From what I’ve seen on the History Channel and read in books, my dad must have gone through things that are beyond my imagination, but he has a way of keeping everything contained and burying the demons of Vietnam deep inside. All I can do is speculate on how bad his war was.
To this day, I know very little about his tours, although he did squeak out a few stories from time to time. Like an 18C engineer sweeping for IEDs, the door gunner position was extremely dangerous because you were exposed in the open door of the helicopter as the aircraft swooped in over the enemy. My father was lucky—he lived. But what he saw, did, and experienced would stay locked away in whatever closet he used for the vilest of his demons. He was always of the mind-set that this was his issue and he was damn sure he wasn’t going to let others into that part of his world.
We arrived in Redding as the logging industry was taking a major hit from the northern spotted owl, which had been declared a threatened species. Before you could shout “Save the spotted owl,” the entire logging industry in Northern California was in the shitcan.
Suddenly, sawmills were shutting down all over the place because the environmentalists got the U.S. Forest Service to close millions of acres of forest to loggers. Dad, who was hoping that Redding would be a place to get back on his feet, found job opportunities to be slim pickings. This figured because Redding was originally named Poverty Flats during the Gold Rush in the mid-nineteenth century once its residents realized there wasn’t much gold in the foothills surrounding the town. When the Central Pacific Railroad selected Poverty Flats to be the northern terminus of the railroad in 1872, the railroad wanted a more dignified name. In honor of the land agent who bought up property so that the railroad could be built, the town was renamed Redding.
My father did the best he could picking up odd jobs, mostly in construction. It helped that Dad was good with his hands at just about everything. His talents were put in check, however, by living in a region with more than 20 percent unemployment. We managed, but regardless of how hard life got, my dad always took care of us, and he often wound up feeding other children on our block who had no food. Our neighborhood was filled with run-down, clapboard houses and families barely scraping by, so there was never a shortage of hungry kids.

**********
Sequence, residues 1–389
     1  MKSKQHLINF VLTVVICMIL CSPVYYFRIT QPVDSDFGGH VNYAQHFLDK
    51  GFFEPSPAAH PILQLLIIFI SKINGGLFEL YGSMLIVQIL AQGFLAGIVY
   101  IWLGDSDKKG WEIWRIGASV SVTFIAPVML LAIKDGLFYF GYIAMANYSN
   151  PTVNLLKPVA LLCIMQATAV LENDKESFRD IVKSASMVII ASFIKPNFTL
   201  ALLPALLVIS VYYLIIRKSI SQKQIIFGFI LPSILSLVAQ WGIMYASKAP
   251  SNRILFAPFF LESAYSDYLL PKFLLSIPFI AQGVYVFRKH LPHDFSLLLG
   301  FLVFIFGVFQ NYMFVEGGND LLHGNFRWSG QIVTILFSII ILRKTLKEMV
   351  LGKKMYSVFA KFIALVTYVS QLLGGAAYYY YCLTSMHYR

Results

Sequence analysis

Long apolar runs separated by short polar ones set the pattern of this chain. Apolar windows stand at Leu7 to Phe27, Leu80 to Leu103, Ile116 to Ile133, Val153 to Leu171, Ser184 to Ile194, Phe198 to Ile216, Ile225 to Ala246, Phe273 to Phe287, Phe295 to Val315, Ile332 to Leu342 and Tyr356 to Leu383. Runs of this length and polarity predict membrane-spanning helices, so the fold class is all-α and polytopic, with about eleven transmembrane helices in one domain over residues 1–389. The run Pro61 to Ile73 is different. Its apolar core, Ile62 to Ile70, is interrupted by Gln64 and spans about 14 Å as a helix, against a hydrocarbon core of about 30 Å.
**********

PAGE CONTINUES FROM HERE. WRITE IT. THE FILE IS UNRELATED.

I can remember a hot summer day when my dad filled our VW bus full of neighborhood kids and drove us out to Clear Creek on the outskirts of Redding, where we went for a swim and grabbed an ice cream cone on the way home. Simple pleasures like that were his way of helping where he could. A kind gesture went a long way and took the kids’ minds off the shit they called life.
We lived in Redding for a few years, but then it was time to move on in search of jobs. That seemed to be the way life went for us: jobs would dry up, we’d move to a new place for work, Dad would pick up some journeyman work, he would get laid off, and we’d move on. Not a bad life, but I never got a chance to settle down in one place to make lifelong friends and develop the kind of lasting relationships I saw in Stand by Me, a movie that came out in the mid-1980s about four boys growing up in a small town in Oregon.
Despite moving around more times than I can remember, Dad made sure he gave us the best possible life he could, given the fact that he was a single parent responsible for raising two kids, putting food on the table, and keeping a roof over our heads. I’m sure he would have been happier out at the bars chasing some tail or following his passions, but he gave that up to raise us kids.
Before Wendy and I came into the world, though, my dad was a guy who liked his beer. He’d get drunk, and if you happened to cross paths with him in the wrong way, you would most likely be at the losing end of a fistfight. He worked hard at logging, putting in crazy twelve-hour days, but he partied even harder. When the logging industry was booming and good money was coming in, he was blowing a healthy portion of his dough on booze. You could say that alcohol and partying filled his life when he wasn’t out in the woods, knocking down tall Douglas firs with his crew.
- On Sale
- Jul 7, 2020
- Page Count
- 320 pages
- Center Street